With hypervigilance we describe an enhanced state of sensory sensitivity, or hypersensitivity, usually complemented by an exaggerated intensity of behaviours whose purpose is to detect threats.
Hypervigilance creates a state of increased anxiety which can cause exhaustion or depression over time.
Symptoms of hypervigilance may include: abnormally increased arousal (often the result of trauma, or even ruptured attachment relationships in early childhood or abuse). This results in a permanently very high responsiveness to stimuli, and a constant scanning of the environment for threats of any nature and a constant effort to “be safe” in any kind of situation.
In hypervigilance, a person perpetually scans their environment in order to detect any sights, sounds, people, behaviours, smells, or anything else that is indicative of threat or trauma. In some cases it may also result in projection of threats, and constant negative What If thoughts.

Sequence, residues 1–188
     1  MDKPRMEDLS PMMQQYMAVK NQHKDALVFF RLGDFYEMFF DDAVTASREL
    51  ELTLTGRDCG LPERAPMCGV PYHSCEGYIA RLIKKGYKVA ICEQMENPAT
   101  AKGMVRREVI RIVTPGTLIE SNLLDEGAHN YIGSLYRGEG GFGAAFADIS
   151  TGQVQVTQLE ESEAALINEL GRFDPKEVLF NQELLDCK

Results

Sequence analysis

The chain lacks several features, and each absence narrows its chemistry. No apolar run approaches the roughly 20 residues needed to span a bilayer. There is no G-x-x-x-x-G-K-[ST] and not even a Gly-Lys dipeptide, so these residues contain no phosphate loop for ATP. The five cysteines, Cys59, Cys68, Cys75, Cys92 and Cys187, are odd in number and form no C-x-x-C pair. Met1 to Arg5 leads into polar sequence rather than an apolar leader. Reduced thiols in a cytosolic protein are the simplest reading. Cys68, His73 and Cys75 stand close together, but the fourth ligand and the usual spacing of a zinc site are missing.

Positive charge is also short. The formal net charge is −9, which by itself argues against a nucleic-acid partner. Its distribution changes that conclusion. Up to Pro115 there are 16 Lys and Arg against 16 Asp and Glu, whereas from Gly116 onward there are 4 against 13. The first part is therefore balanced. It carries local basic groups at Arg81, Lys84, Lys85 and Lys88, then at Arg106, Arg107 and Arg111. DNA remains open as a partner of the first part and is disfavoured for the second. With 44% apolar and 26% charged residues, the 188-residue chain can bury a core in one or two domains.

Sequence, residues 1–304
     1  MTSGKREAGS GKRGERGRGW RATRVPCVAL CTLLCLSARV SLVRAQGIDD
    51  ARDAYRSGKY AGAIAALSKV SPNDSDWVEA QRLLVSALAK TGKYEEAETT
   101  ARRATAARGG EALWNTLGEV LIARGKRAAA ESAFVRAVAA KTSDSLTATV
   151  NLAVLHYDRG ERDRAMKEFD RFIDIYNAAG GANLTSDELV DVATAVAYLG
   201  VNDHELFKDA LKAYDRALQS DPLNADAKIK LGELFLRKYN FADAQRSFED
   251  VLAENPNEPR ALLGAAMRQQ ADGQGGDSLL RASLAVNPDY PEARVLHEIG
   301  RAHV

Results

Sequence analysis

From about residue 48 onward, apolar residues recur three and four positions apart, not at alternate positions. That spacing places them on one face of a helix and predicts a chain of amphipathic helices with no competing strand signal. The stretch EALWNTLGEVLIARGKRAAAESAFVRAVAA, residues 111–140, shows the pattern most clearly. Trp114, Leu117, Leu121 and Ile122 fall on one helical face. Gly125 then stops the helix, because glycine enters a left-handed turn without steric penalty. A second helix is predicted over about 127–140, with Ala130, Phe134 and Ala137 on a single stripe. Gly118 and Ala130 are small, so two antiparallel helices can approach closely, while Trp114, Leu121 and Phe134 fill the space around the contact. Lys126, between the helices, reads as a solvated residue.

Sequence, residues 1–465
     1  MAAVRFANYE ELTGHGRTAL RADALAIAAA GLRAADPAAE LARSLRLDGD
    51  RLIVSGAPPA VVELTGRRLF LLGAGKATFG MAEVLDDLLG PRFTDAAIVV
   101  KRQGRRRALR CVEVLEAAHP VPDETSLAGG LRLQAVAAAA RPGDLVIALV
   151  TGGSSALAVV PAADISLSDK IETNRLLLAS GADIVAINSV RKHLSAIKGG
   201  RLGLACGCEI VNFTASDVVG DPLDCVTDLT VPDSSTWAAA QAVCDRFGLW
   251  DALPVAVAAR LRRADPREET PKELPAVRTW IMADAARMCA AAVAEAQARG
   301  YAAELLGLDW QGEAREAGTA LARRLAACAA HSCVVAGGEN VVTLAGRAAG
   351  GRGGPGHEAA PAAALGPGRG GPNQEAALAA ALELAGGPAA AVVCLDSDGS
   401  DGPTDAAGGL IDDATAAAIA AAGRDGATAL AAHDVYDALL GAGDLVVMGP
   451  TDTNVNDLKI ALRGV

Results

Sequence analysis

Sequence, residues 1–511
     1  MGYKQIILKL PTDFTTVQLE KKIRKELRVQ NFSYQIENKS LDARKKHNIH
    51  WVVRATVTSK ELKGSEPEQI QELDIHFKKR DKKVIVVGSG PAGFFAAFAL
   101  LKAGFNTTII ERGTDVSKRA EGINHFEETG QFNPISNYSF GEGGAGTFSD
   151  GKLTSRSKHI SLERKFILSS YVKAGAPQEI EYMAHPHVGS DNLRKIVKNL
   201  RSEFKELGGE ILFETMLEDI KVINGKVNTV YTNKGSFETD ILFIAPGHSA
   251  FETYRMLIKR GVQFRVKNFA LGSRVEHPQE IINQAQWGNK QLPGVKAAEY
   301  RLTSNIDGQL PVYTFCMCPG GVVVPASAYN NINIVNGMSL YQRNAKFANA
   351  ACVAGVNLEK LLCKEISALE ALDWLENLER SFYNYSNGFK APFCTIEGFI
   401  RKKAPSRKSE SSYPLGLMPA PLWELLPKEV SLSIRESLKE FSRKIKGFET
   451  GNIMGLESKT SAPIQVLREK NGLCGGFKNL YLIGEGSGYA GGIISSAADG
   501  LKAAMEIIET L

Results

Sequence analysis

The individual is constantly placed on high alert in order to be certain danger is not approaching. Hypervigilance can lead to a variety of obsessive behaviour patterns, as well as result in difficulties with social interaction and relationships.
Hypervigilance can be one of the symptoms of post-traumatic stress disorder (PTSD) and various types of anxiety disorders. It is distinguished from paranoia.
People suffering from hypervigilance can often 'overreact' to loud and unexpected noises or become agitated in highly crowded or noisy environments or social situations. They can also have difficulties getting to sleep or staying asleep.
Hypnotherapy is an effective, drug-free treatment which helps to lower anxiety and address trauma, as well as over time lower the state of hypervigilance.
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